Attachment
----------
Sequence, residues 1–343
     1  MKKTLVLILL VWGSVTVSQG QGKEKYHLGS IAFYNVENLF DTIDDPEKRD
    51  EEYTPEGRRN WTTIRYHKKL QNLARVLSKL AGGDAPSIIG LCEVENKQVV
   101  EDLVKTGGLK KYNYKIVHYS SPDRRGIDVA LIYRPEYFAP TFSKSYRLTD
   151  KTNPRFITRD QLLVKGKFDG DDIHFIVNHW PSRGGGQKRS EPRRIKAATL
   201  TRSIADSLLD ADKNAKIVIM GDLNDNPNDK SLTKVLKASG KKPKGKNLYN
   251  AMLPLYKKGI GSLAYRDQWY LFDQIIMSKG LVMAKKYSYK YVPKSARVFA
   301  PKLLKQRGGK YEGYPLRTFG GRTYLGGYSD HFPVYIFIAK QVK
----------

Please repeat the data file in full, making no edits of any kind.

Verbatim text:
Sequence, residues 1–343
     1  MKKTLVLILL VWGSVTVSQG QGKEKYHLGS IAFYNVENLF DTIDDPEKRD
    51  EEYTPEGRRN WTTIRYHKKL QNLARVLSKL AGGDAPSIIG LCEVENKQVV
   101  EDLVKTGGLK KYNYKIVHYS SPDRRGIDVA LIYRPEYFAP TFSKSYRLTD
   151  KTNPRFITRD QLLVKGKFDG DDIHFIVNHW PSRGGGQKRS EPRRIKAATL
   201  TRSIADSLLD ADKNAKIVIM GDLNDNPNDK SLTKVLKASG KKPKGKNLYN
   251  AMLPLYKKGI GSLAYRDQWY LFDQIIMSKG LVMAKKYSYK YVPKSARVFA
   301  PKLLKQRGGK YEGYPLRTFG GRTYLGGYSD HFPVYIFIAK QVK